Chaucer's Boece is a close translation of the De Consolatione Philosphiae written by the Latin author Boethius c.523, while he was imprisoned awaiting his death. The work was frequently translated into the vernaculars, among others at the court of King Alfred into Old English and by Jean de Meun into French. The text was highly regarded and often commented upon during the Middle Ages because of its philosophical neoplatonic and ethical impact.
The work offers a regular alternation of prose and verse sections and is classified as a Menippean Satire. It consists of a dialogue between the narrator and Lady Philosophy. Because of its autobiographical allusions the narrator is very often identified with Boethius, the author, though he evidently manipulated his self-representation for literary effects. During their conversation Lady Philosophy succeeds in giving comfort to the imprisoned Boethius by logically distinguishing between various forms of goods, such as the partial, contingent and apparent goods, which are sharply contrasted to the 'one true good', a concept very similar to the Christian God.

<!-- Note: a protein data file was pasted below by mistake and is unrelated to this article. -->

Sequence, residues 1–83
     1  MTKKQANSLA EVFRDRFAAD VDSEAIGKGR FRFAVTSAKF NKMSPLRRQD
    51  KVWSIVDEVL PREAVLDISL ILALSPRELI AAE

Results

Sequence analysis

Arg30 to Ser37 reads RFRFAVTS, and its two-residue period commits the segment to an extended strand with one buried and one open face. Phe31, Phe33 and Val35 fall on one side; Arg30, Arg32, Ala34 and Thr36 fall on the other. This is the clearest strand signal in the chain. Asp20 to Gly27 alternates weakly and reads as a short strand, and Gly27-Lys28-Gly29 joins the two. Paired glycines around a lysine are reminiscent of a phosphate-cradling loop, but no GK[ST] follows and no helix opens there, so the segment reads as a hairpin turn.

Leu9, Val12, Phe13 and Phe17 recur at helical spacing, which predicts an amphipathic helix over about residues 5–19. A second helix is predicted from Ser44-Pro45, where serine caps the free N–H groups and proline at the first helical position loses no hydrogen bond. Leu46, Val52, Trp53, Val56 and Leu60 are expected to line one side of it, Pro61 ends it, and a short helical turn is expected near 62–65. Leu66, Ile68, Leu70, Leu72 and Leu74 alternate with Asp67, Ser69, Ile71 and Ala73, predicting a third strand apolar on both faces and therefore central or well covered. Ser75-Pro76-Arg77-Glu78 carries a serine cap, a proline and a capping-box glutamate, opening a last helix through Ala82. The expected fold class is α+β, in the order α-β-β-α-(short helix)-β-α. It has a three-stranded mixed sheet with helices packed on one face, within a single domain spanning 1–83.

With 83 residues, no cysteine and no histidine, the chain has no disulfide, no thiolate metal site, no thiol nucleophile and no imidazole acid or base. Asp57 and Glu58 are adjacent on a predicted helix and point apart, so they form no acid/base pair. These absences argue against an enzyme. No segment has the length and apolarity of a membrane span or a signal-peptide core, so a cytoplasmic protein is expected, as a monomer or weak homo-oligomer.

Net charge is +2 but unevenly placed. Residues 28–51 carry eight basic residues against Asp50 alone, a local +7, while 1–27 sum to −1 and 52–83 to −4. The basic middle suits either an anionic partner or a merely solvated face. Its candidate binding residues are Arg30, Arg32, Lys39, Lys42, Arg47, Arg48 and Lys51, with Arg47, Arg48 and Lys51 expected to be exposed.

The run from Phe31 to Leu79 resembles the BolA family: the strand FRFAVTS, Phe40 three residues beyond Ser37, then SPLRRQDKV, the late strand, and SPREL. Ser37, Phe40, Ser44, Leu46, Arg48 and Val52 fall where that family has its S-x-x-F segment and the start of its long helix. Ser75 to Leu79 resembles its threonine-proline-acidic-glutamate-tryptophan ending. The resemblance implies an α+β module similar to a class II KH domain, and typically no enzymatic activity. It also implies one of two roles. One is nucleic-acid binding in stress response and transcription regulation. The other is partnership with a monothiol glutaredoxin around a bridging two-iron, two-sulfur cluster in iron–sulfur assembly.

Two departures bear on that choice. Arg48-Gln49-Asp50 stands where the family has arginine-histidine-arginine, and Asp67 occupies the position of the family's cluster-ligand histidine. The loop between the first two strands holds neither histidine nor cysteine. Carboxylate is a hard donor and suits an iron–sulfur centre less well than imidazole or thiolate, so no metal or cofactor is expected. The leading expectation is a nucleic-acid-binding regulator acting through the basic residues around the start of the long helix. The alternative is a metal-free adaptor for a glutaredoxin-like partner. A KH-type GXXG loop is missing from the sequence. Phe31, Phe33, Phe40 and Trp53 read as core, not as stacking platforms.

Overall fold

Boethian influence can be found nearly everywhere in Chaucer's poetry, e.g. in Troilus and Criseyde, The Knight's Tale, The Clerk's Tale, The Franklin's Tale, The Parson's Tale and The Tale of Melibee, in the character of Lady Nature in The Parliament of Fowls and some of the shorter poems, such as Truth, The Former Age and Lak of Stedfastnesse.